Stated simply, a stroke occurs when the blood supply to your brain is interrupted or reduced. This occurrence deprives your brain of blood and nutrients, leaving it unable to function correctly. The CDC estimates that about 6.5 million adults in the United States have had a stroke, and it is the fifth leading cause of death in this country.
Things become more complicated when you consider the various types of strokes.
This type makes up about 85 percent of strokes, and occurs when arteries to your brain become narrowed or blocked, leading to severely reduced blood flow. The most common ischemic strokes include:
• Thrombotic stroke – These occur when a blood clot (thrombus) forms in one of the arteries supplying blood to the brain, which may be caused by fatty deposits (plaque) in the arteries causing reduced blood flow (atherosclerosis).
• Embolic stroke – This type of stroke happens when a blood clot (embolus) or other debris forms away from the brain, often in the heart, and is carried by the bloodstream to the arteries in your brain.
These occur when a blood vessel in your brain leaks or ruptures. These can be caused by high blood pressure (hypertension), overtreatment with anticoagulants, and weak spots in your blood vessel walls (aneurysms).
Basically, there are two types of hemorrhagic strokes.
• Intracerebral hemorrhage – This stroke is caused by a blood vessel in the brain bursting, spilling blood into surrounding brain tissue and damaging brain cells. Brain cells beyond the leak are also damaged when deprived of blood.
• Subarachnoid hemorrhage – This stroke is commonly caused by the bursting of an aneurysm on an artery on or near the surface of the brain, often accompanied by a sudden, severe headache. Blood vessels in the brain may also widen and contract erratically, limiting blood flow and inflicting further brain damage.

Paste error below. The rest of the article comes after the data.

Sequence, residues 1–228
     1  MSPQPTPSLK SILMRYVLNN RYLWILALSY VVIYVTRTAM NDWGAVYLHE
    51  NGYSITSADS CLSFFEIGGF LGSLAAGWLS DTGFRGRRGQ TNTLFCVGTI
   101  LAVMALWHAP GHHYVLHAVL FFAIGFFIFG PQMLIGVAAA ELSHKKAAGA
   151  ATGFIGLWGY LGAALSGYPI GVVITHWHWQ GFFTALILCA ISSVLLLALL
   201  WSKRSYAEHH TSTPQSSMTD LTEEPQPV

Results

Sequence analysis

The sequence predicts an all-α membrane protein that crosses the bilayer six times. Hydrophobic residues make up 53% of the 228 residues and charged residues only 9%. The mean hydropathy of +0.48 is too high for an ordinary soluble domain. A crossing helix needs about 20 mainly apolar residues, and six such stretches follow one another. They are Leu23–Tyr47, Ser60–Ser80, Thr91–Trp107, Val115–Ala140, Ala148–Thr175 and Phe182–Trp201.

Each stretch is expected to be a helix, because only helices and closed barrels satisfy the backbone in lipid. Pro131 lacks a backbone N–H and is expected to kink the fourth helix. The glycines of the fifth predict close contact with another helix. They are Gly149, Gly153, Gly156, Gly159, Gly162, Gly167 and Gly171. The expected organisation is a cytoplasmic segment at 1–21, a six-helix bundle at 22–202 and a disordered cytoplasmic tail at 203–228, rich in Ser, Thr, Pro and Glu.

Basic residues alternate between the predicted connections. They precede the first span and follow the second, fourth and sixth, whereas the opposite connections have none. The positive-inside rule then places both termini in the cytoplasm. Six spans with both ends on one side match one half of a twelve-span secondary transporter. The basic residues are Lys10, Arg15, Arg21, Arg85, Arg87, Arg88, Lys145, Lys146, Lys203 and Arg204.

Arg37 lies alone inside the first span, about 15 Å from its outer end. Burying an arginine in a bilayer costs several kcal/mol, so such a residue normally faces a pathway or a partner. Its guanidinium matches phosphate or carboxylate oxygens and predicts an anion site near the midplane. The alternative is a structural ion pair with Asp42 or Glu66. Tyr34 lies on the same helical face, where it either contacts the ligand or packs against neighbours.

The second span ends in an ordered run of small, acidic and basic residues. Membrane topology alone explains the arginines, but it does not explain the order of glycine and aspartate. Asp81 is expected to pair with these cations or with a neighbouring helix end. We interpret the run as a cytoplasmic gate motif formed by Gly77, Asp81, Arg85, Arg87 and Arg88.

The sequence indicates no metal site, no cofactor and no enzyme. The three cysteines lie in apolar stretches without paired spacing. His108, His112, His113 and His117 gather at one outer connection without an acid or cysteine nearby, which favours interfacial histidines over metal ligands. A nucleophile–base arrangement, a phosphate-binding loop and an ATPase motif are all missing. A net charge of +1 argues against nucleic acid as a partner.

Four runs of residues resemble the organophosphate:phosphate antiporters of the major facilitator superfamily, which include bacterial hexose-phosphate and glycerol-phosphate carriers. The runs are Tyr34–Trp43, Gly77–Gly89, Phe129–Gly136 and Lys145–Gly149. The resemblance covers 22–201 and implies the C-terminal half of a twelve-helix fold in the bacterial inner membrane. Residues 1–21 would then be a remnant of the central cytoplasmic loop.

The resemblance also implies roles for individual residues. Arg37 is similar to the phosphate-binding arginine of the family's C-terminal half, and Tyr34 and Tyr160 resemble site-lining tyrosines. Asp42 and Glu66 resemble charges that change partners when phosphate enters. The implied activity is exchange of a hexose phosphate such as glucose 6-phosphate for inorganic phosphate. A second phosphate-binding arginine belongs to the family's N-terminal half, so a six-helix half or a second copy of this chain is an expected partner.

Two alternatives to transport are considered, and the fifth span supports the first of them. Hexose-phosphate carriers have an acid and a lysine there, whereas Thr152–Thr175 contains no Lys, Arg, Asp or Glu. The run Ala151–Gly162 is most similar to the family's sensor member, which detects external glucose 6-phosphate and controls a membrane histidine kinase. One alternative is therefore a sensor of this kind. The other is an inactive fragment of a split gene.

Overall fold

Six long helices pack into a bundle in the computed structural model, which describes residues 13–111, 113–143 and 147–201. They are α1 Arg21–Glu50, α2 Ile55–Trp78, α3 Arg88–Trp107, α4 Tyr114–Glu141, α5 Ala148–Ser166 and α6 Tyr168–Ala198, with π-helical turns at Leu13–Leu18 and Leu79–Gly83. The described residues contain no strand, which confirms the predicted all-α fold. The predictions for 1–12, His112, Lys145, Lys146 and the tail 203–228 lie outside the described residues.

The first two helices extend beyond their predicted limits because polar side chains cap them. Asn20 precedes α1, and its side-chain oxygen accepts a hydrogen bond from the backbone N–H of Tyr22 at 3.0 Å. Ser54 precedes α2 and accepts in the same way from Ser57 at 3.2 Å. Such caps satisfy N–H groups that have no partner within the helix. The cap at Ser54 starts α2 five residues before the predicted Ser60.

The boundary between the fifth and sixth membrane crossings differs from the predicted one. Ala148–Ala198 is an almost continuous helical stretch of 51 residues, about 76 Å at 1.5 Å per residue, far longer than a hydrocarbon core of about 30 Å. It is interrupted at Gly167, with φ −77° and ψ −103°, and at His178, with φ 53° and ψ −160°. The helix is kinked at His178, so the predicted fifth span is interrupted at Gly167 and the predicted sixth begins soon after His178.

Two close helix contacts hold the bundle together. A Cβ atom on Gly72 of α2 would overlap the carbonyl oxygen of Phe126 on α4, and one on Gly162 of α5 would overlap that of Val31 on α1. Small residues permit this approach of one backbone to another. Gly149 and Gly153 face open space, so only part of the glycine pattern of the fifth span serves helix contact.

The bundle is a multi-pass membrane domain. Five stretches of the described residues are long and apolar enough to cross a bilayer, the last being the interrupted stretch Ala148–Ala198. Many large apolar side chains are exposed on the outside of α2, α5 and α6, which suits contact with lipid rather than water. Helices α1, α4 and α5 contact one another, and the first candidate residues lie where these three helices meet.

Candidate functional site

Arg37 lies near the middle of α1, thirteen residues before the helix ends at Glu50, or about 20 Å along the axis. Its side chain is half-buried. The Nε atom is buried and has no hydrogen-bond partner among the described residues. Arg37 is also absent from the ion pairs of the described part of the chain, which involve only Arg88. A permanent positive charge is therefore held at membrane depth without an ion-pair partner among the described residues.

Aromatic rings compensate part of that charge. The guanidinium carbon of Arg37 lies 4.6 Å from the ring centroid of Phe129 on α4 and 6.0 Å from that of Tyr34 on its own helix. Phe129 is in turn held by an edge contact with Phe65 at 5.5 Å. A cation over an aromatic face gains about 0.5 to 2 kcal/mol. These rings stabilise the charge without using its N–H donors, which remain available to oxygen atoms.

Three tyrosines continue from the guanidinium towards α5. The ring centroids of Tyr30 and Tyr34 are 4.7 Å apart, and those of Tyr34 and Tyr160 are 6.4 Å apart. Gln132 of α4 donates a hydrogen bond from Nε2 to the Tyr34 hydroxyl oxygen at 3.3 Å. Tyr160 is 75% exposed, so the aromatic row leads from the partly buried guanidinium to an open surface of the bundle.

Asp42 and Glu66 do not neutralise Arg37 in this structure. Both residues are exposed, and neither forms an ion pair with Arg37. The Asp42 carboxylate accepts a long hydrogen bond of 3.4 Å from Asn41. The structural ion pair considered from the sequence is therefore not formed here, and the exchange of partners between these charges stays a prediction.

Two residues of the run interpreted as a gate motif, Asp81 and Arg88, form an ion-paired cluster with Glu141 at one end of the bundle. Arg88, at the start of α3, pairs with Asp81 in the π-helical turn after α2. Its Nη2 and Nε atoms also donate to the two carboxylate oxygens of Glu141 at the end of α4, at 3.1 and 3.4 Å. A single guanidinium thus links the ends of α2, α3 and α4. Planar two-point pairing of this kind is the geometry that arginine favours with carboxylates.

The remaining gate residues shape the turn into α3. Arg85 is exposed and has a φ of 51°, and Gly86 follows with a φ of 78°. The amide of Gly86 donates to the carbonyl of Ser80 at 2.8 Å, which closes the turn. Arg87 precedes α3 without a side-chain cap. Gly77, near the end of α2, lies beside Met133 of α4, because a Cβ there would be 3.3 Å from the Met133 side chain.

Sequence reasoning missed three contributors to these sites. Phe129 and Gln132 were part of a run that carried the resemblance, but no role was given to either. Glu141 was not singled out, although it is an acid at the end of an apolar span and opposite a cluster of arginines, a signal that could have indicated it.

Transient Ischemic Attack (TIA)
Often called a mini-stroke, a TIA occurs when a clot or debris temporarily blocks blood flow to part of your brain. The symptoms—vision changes, slurred speech, balance issues, tingling, and dizziness, among others—often clear within about five minutes, but you should get immediate medical treatment as a TIA puts you at risk for a full-blown stroke.
Stroke Risk Factors & Prevention
In addition to age and family history, certain other risk factors increase your chances of having a stroke.
Lifestyle Risk Factors
The most common of these include being overweight, lack of physical activity, heavy drinking, and smoking or exposure to secondhand smoke.
Medical Risk Factors
The main culprits include high blood pressure, high cholesterol, diabetes, and atrial fibrillation (Afib), a form of irregular heartbeat that can lead to blood clots that may travel to the brain and cause a stroke. Researchers in Denmark have also found that children two to three inches shorter than their peers are more likely to have strokes as adults.
Cerebrovascular specialists at Harvard Medical School suggest taking seven steps to reduce the chances of a stroke.
• Lower your blood pressure – Aside from medications your doctor may prescribe, consume no more than about a half of a teaspoon of salt per day, eat more fresh fruits and vegetables along with fish two to three times per week, get more exercise, and quit smoking.
• Lose weight – Losing as little as ten pounds can reduce your stroke risk. Try to consume no more than 1,500 to 2,000 calories per day and exercise more, making activity part of your daily routine.
• Exercise – Aim for 150 minutes of moderate-intensity activity (brisk walking, water aerobics, bicycling) per week, or 75 minutes of vigorous-intensity exercise (jogging or running, swimming laps, brisk cycling). And add muscle-strengthening activities two to three times per week.
• Drink in moderation – Consume no more than one drink per day.
• Quit smoking – This is one of the most powerful lifestyle changes you can make to reduce the chances of a stroke.
• Treat diabetes – Use diet, exercise, and prescribed medications to keep blood sugar within the recommended range.
• Treat Afib – Your doctor may prescribe an anticoagulant to reduce your stroke risk from Afib.
Finally, if you suffer any signs of a stroke—weakness on one side of the body, numbness of the face, unusual or severe headaches, vision loss, unsteady walk—call 911 immediately.